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Management Control Systems

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1 Management Control Systems
Chapter 6: Designing and Evaluating MCS Merchant and Van der Stede: Management Control Systems © Pearson Education Limited 2003

2 Designing control systems ...
Two basic questions: What is desired ? What is likely to happen ? If what is likely is different from what is desired, then two basic MCS-design questions must be addressed: What controls should be used ? How tightly should each be applied ?

3 What is desired ? Start from objectives and strategies ...
They should be important guides to the actions that are expected, especially if they are specific … e.g., “Become a leader in the industry ” vs “15% ROI and 20% sales growth.” Identify the key actions (KA) i.e., actions that must be performed to provide the greatest probability of success. Identify the key results (KR) i.e., the few key areas where things must go right for the business to flourish.

4 What is likely ? Three questions:
Do employees understand what they are expected to do (key actions) or to accomplish (key results)? lack of direction Are they properly motivated? lack of motivation Are they able to fulfil their desired roles? personal limitations The discrepancy between what is desired and what is likely will determine the choice and the tightness of the management control systems.

5 Choice of controls ... The different types of controls (action, results and people controls) are not equally effective at addressing each of the control problems. Lack of direction Personal limitations motivation Results accountability Action controls - Behavioral constraints - Preaction reviews - Action accountability People controls - Selection / placement - Training - Provision of resources - Strong culture - Group-based rewards

6 Start with people controls ...
Must always be relied on to a certain extent; Have relatively few harmful side-effects; Involve relatively low out-of-pocket costs. However, it is rare that people controls will be sufficient. In most cases, it is necessary to supplement them with … action controls; results controls. Maybe, you just shouldn’t put all your trust in people !?

7 Pros and cons of action controls ...
The most direct form of control. Tend to lead to documentation of the accumulation of knowledge as to what works best. Organizational memory An efficient way of coordination: i.e., they increase the predictability of actions and reduce the amount of inter-organizational information flows to achieve a coordinated effort. Only for highly routinized jobs. May discourage creativity, innovation, and adaptation. May cause sloppiness. May cause negative attitudes. e.g., little opportunity for creativity and self actualization. Sometimes very costly e.g., preaction reviews

8 Pros and cons of results controls ...
Behavior can be influenced while allowing significant autonomy. They yield greater employee commitment and motivation. They are often inexpensive. e.g., performance measures are often collected for reasons not directly related to management control. Often less than perfect indicators of whether good actions have been taken. They shift risk to employees (because of uncontrollable factors). Hence, they often require a risk premium for risk averse employees. Sometimes conflicting functions: Motivation to achieve targets should be “challenging”; Communication among entities targets should be slightly conservative.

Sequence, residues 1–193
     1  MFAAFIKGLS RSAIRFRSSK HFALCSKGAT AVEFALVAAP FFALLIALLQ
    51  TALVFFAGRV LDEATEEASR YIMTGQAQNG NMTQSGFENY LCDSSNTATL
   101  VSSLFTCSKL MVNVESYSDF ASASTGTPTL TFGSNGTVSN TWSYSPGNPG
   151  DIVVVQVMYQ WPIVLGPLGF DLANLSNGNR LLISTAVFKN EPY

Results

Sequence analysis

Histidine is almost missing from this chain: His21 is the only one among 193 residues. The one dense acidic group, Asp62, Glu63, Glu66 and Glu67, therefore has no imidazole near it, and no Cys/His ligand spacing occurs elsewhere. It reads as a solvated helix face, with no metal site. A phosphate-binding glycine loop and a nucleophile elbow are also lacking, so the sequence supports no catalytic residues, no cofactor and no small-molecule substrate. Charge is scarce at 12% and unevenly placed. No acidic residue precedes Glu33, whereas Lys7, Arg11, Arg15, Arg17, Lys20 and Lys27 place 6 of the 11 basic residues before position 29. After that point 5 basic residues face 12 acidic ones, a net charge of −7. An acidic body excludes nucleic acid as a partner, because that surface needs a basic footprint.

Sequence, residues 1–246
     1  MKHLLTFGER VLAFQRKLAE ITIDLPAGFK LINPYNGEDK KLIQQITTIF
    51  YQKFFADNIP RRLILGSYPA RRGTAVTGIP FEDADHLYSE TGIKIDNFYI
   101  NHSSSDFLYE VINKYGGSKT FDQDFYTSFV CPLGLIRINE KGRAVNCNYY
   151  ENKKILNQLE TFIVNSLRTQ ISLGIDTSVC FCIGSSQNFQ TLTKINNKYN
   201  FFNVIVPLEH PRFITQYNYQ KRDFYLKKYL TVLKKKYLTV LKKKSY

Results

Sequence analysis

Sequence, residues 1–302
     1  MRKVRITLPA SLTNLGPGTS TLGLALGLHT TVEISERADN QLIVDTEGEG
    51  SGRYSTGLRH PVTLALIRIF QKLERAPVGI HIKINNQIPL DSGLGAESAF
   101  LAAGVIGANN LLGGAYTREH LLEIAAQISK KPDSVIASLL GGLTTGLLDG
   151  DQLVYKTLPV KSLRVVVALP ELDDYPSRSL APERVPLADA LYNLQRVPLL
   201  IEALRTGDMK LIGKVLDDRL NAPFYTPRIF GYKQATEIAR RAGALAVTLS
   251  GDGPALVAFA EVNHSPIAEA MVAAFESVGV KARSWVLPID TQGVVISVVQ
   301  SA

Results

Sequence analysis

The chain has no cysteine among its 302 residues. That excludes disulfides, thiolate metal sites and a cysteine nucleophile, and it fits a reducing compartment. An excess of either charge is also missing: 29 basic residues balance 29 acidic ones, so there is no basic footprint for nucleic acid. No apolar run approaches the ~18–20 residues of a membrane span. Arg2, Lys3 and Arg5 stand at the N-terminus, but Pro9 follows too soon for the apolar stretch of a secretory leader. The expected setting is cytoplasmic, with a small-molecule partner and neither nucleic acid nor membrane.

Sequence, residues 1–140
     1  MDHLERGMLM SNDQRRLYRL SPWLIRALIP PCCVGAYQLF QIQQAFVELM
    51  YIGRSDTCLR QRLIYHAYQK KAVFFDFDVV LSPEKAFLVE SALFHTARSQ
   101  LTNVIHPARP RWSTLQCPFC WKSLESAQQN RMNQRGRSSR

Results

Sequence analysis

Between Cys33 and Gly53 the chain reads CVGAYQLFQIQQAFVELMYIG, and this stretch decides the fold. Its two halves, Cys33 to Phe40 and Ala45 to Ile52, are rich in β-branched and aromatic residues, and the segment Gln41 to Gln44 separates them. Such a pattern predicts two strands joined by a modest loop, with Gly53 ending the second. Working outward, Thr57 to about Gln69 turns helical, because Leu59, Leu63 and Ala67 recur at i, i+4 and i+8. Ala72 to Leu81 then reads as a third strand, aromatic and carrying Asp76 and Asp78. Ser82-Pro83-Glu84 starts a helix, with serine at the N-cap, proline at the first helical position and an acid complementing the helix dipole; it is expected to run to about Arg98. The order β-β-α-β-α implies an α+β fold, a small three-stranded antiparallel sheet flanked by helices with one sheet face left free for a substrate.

9 Choice of control tightness ...
What are the potential benefits of tight controls? In any organization, tight control is most beneficial over areas most critical to the organization’s success. What are the costs? Are any harmful side-effects likely?

10 Control system change ... As firms grow, their controls evolve, usually towards … Increased formalization of procedures ... for action accountability purposes; and/or Development of more elaborate information systems ... for results control purposes.

11 Keep a behavioral focus ...
There is no one best form of control ... What works best in one company (or area within a company), may not work in another ... e.g., accounting personnel vs. design engineers. Therefore, it is important to keep the focus on the people involved, because … It is their responses that will determine the success or failure of the control system ! The benefits of controls are derived only from their impacts on behaviors!

12 Overview ... ? Can people be avoided?
(e.g., automation, centralization) Control-problem avoidance Can you rely on people involved? Can you make people reliable? Have knowledge about what specific actions are desirable? Able to assess whether specific action was taken? results are desirable? Able to measure results? Yes No Action controls People controls Results controls ?

13 Depending on ... Action Control Results Control People Control
Ability to measure results on important performance dimensions Knowledge of which specific actions are desirable High Low Excellent Poor Action Control and/or Results Control (e.g., large projects) (e.g., movie director, SBU-manager) People Control (e.g., research lab)

14 Cases Disctech, Inc. (p.207 ff.): Airtex Aviation (p. 238 ff.):
What went wrong? What shoud Bill Winslow do to restore confidence at Disctech and prevent similar occurrences in the future? Airtex Aviation (p. 238 ff.): Did Airtex need a nes control system at the time of the takeover? Evaluate the control system that Frank and Ted implemented. Should anything be done differently?

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